From there, it’s just a process of making adjustments and going back and forth until the author is happy with the cover.

Do you only design romance covers?

While a large majority of my clients write romance, I am open to designing covers in all genres and categories, and have done several sci-fi, thrillers, mysteries, and fantasy covers as well.  I have also designed some non-fiction books and text books.

Cost? What to expect?

At the current time, I charge $65 for a digital cover design and an additional $35 to make it into a print design. This price does not include the cost of any images I purchase on the author’s behalf or any specialty fonts that an author wants that I do not already own.

Once an author contacts me, I will usually get back to her/him the same day (unless it’s on a weekend, then I will get back to her/him the following Monday), and will let the author know when I can get started.  I will also send my request form and ask that the author return that to me before I am scheduled to get started.  My wait-time is anywhere from a day to two weeks, but it’s usually within a few days.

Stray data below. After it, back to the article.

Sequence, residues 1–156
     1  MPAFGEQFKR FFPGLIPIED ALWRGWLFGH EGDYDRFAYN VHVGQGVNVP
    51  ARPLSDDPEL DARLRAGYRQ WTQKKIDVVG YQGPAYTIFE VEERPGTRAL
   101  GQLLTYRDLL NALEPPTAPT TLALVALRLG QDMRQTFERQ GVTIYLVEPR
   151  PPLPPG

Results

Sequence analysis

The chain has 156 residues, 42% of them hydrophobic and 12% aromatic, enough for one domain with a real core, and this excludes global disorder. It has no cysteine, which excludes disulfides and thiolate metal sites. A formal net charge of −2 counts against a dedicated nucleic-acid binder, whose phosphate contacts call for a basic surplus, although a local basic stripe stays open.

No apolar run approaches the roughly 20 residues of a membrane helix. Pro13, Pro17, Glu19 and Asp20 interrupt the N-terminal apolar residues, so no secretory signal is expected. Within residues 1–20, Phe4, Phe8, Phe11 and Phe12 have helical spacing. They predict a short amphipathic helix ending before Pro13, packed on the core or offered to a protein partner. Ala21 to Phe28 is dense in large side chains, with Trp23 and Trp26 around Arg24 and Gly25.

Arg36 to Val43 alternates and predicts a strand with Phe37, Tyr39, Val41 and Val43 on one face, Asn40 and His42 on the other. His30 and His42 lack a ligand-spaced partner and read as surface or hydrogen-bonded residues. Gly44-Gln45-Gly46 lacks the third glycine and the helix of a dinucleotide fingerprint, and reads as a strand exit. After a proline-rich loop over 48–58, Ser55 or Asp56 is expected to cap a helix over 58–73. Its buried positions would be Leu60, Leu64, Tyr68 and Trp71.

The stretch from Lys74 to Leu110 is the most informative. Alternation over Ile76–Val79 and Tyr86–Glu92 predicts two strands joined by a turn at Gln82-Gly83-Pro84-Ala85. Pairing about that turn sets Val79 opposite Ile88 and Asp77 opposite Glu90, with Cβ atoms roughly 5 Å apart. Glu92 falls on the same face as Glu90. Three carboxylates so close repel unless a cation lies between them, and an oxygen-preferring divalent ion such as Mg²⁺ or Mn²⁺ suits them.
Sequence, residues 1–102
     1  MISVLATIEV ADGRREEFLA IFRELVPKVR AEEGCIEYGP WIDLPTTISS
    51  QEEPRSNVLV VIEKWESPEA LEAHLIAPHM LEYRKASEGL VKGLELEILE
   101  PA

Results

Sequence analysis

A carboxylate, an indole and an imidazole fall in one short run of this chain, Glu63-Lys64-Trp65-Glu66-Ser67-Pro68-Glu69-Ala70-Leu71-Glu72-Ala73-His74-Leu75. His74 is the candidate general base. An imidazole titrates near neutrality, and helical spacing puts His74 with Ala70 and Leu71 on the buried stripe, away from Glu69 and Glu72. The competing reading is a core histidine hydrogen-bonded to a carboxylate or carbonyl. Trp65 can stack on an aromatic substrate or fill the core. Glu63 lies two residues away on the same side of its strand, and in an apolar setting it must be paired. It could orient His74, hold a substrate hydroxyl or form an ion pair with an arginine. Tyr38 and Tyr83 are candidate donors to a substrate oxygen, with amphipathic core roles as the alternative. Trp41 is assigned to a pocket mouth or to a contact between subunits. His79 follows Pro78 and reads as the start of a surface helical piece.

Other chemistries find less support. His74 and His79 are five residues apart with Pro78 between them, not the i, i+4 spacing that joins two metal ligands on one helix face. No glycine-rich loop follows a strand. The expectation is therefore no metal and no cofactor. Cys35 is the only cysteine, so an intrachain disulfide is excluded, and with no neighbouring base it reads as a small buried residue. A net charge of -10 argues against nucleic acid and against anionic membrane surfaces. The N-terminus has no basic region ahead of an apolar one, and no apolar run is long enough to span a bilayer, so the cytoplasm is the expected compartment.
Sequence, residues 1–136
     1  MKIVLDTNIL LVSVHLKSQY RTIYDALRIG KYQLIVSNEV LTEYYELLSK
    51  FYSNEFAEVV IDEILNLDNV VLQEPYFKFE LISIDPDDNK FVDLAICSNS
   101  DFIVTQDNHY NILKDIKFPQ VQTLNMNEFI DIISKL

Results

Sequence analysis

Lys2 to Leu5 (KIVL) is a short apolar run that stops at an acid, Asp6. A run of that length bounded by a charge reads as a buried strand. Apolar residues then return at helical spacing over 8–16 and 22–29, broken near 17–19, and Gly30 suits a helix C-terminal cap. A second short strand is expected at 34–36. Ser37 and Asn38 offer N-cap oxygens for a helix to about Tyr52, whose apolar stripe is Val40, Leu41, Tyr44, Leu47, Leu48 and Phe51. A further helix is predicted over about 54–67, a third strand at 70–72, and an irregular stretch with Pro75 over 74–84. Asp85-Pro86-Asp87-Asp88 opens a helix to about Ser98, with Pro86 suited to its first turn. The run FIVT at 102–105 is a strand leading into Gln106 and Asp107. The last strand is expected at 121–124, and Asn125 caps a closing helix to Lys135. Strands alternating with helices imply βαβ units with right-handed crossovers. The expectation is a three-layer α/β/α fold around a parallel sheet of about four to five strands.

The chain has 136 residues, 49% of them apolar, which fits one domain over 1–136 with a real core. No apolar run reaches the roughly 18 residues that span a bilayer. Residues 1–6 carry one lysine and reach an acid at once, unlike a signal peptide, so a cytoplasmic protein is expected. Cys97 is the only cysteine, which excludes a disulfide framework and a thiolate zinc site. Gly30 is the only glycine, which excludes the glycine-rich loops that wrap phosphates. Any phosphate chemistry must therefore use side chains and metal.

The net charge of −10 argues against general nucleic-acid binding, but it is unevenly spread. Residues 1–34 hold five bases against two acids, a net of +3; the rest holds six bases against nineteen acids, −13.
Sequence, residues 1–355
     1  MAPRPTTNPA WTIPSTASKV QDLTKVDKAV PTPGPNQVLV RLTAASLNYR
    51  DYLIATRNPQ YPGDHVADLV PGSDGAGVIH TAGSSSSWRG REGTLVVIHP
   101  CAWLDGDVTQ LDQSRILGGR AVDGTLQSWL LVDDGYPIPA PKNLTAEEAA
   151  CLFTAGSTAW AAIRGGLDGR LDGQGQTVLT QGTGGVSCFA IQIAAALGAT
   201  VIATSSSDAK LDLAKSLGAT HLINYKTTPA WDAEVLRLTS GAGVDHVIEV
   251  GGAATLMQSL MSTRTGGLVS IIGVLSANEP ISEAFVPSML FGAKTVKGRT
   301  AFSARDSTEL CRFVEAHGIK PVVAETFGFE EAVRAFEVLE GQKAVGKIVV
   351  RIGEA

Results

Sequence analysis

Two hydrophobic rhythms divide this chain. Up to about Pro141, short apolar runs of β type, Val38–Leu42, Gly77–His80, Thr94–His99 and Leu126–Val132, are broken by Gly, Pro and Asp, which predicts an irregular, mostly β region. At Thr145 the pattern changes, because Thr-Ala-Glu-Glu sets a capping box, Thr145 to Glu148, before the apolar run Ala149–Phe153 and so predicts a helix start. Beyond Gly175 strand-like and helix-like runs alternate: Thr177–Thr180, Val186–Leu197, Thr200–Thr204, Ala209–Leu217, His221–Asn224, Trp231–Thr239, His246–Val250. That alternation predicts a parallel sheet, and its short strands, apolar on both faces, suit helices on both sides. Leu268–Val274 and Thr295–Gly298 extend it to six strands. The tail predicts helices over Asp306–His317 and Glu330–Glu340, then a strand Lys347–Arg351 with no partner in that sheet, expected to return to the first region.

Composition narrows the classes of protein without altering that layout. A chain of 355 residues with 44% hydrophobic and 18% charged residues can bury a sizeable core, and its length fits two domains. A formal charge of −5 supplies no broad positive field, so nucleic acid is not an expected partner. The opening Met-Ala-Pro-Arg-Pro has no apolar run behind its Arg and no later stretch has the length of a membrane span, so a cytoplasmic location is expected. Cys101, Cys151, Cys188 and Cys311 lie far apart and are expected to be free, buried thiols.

In addition to covers, I do offer many other services, which are listed on my webpage.

You can find me at Sweet ‘N Spicy Designs: http://sweetnspicydesigns.com

You can also follow me on Facebook at https://www.facebook.com/SweetnSpicyDesigns/

Or my author profile at https://www.facebook.com/jaycee.delorenzo



7 Responses

  1. Hey, Jaycee! We’ve worked together for so long. It was great to hear how you got started. Do you have a favorite genre you like to design?

    How do you prefer to work with authors? Do you want lot of specific directions up front or do you want the freedom to have a go at it?

    1. Hi Cara! Glad to hear that! No, I don’t really have a favorite genre, to be honest. I like the variety of doing different things all the time. As for working, I do like specific details, but if there are details that I don’t feel will work out, I’ll make alternative suggestions. 😀

  2. I have used JayCee. I am changing my Kate Nash Mysteries with her covers. She is talented and will work with you until she has your concept on the cover. This blog has so much good information.

Leave a Reply

%d bloggers like this: